Claim Your Employer WOTC Federal Tax Credit
What is the Workforce Opportunity Tax Credit?
The WOTC is a federal tax credit available to employers who hire members of certain targeted groups—specifically those who have consistently faced barriers to employment. The WOTC program reduces the employer’s wage deduction dollar-for-dollar.
WOTC Extended to 2025
Previously scheduled to sunset at the end of 2020, the Taxpayer Certainty and Disaster Tax Relief Act of 2020 extends the WOTC through the end of 2025. The goal of this program is to incentivize employers to hire diverse candidates and facilitate access to jobs for American workers from certain targeted groups.
WOTC Eligibility Requirements
- Hire these workers prior to 2026.
- Obtain certification affirming the individual’s status as a member of a targeted group.
- Submit the completed IRS Form 8850 to the appropriate State Workforce Agency within 28 days after the individual begins work.
With such a competitive hiring climate, the credit can help offset the cost of turnover and cover recruitment incentives, like hiring bonuses. Employers claim about $1 billion in tax credits each year under the WOTC program—but there’s a lot of cash left on the table by owners unaware of the credit.
How the WOTC is Calculated
The Work Opportunity Tax Credit is calculated as 40% of first-year eligible wages, up to a maximum of $6,000 per employee. If the employee completed at least 120 hours but less than 400 hours of service for the employer, the WOTC is up to 25% of first-year eligible wages. A different maximum credit calculation may apply in the case of qualified veterans and qualified summer youth employees.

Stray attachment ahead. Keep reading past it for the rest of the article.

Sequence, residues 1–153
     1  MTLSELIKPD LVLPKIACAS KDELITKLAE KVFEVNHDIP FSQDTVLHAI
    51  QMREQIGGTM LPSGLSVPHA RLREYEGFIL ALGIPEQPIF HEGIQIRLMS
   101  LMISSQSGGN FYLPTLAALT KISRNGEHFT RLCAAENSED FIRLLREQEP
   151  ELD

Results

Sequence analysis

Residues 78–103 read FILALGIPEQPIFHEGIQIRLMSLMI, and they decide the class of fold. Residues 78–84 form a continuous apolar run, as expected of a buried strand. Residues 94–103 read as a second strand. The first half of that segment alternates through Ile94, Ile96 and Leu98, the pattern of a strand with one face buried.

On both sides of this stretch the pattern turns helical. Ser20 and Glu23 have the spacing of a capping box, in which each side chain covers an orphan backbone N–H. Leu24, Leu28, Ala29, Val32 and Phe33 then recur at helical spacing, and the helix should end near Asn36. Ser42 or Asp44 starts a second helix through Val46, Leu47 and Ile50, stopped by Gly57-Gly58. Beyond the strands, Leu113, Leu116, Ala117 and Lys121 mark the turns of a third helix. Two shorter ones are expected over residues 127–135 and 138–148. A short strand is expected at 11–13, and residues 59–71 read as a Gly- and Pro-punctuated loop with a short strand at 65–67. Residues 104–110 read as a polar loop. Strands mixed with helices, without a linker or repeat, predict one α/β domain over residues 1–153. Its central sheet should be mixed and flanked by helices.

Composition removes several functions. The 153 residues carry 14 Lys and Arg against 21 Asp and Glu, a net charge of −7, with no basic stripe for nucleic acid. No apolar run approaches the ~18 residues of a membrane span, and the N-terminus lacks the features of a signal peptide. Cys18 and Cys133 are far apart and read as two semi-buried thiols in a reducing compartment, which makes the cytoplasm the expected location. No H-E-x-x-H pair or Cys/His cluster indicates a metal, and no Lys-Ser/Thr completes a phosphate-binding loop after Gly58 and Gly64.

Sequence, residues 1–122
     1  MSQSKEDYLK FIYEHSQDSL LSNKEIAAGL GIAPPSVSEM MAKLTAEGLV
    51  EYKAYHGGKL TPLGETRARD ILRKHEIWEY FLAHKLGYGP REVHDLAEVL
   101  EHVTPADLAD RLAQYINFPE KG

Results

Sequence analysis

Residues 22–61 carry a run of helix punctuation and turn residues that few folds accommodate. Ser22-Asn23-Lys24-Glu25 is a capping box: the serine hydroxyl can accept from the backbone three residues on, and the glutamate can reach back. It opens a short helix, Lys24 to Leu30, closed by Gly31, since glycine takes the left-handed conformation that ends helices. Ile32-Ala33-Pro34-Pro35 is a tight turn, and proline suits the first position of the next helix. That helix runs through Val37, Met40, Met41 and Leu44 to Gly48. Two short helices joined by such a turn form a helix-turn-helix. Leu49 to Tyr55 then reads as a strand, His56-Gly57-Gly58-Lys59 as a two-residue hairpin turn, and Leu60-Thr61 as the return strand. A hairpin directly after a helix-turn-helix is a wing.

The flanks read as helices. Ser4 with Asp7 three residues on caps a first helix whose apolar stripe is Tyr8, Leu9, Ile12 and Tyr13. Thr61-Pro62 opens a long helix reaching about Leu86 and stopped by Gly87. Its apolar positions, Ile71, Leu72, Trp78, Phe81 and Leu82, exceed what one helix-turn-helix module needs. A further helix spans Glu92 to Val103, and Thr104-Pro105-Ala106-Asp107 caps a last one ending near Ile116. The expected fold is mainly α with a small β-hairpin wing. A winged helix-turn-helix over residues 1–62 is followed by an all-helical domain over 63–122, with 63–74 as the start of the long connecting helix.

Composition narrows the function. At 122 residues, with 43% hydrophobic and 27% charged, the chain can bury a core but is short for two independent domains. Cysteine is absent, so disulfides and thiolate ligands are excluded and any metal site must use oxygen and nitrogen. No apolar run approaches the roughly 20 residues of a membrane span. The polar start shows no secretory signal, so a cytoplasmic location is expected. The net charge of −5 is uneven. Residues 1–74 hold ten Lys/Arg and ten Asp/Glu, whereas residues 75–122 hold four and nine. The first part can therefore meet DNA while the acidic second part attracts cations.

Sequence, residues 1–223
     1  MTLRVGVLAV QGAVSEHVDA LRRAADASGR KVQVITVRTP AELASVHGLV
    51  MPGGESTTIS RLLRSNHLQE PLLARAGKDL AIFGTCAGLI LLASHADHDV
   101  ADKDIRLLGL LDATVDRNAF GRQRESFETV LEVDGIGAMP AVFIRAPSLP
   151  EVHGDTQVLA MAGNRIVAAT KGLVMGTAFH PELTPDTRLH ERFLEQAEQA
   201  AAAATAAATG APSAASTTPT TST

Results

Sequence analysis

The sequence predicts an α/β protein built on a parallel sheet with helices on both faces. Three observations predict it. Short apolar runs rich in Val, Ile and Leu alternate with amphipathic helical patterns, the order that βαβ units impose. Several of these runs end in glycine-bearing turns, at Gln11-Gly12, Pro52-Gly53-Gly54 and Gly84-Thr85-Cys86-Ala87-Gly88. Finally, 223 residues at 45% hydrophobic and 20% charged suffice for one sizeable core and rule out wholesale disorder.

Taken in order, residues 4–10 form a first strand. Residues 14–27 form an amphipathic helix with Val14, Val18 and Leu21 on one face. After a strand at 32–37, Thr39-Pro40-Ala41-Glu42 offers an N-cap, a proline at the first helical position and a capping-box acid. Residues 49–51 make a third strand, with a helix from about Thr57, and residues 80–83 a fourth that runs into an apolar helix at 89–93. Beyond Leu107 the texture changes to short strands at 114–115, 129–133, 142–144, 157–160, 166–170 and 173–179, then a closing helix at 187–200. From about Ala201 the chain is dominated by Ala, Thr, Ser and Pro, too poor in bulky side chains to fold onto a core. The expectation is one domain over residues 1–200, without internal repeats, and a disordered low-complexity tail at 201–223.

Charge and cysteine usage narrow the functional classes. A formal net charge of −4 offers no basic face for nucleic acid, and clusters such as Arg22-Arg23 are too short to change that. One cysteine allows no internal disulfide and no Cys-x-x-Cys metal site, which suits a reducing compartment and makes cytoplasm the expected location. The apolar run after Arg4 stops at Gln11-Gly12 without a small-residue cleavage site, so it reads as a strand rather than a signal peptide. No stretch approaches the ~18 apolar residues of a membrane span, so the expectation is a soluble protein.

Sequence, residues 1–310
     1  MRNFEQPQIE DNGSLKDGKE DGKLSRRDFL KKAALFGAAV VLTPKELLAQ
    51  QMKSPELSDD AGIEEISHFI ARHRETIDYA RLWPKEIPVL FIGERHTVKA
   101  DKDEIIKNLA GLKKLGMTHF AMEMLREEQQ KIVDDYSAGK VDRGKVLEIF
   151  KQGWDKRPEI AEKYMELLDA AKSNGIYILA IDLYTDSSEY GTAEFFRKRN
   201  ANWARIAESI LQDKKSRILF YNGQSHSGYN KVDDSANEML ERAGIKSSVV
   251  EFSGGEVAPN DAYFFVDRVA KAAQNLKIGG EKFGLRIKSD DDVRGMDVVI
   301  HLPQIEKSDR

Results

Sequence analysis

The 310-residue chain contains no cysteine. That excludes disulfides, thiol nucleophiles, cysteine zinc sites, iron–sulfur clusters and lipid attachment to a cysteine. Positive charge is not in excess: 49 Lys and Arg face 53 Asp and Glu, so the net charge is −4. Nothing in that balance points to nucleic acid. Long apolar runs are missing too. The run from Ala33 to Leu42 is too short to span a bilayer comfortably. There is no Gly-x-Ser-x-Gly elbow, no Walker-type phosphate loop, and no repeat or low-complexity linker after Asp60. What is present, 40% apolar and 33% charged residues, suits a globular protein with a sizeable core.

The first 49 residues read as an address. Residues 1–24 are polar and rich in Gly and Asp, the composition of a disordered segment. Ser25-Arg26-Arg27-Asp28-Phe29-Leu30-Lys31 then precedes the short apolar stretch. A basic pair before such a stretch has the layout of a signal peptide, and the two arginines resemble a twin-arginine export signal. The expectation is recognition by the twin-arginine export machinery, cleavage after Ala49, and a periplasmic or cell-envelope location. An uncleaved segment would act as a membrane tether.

WOTC Frequently Asked Questions
Which wages do not qualify for the WOTC?
Some wages do not qualify for the Work Opportunity Tax Credit.
For example, wages paid for federally funded on-the-job training are not eligible for the WOTC. Wages paid to an individual who performed the same or substantially similar services as employees participating in or affected by a strike or lockout at the employer’s plant likewise do not qualify for the credit. WOTC wages are reduced by any supplementation payments made to the employer for an employee under Social Security Act §482(e). Additional limitations may apply when calculating the credit.
How do employers claim the Work Opportunity Tax Credit?
For-profit employers may claim the Work Opportunity Tax Credit on Form 5884. The credit is elective—employers are not required to claim the WOTC even if they’re eligible to do so.
How do tax-exempt employers claim the WOTC?
A tax-exempt employer is generally not eligible for a WOTC. However, a tax-exempt employer can claim a Work Opportunity Tax Credit using Form 5884-C when hiring qualified veterans. WOTC is allowed against the Old Age, Survivors, and Disability Insurance program (OASDI)—often referred to as the Social Security tax owed by the tax-exempt employer. The credit is calculated in the same way it would be if the employer was not tax-exempt, with a few modifications:
- 26% (instead of 40%) for qualifying first-year wages